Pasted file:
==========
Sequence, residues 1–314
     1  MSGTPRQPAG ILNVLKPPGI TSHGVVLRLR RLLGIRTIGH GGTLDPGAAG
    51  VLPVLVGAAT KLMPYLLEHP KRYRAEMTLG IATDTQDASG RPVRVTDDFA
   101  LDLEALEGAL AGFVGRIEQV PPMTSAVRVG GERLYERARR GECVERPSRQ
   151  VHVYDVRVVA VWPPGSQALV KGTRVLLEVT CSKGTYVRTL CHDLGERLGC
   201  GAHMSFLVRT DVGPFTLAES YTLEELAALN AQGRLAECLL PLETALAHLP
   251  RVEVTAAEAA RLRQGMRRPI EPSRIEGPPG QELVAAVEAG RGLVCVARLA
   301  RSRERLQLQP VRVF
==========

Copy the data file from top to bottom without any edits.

Sequence, residues 1–314
     1  MSGTPRQPAG ILNVLKPPGI TSHGVVLRLR RLLGIRTIGH GGTLDPGAAG
    51  VLPVLVGAAT KLMPYLLEHP KRYRAEMTLG IATDTQDASG RPVRVTDDFA
   101  LDLEALEGAL AGFVGRIEQV PPMTSAVRVG GERLYERARR GECVERPSRQ
   151  VHVYDVRVVA VWPPGSQALV KGTRVLLEVT CSKGTYVRTL CHDLGERLGC
   201  GAHMSFLVRT DVGPFTLAES YTLEELAALN AQGRLAECLL PLETALAHLP
   251  RVEVTAAEAA RLRQGMRRPI EPSRIEGPPG QELVAAVEAG RGLVCVARLA
   301  RSRERLQLQP VRVF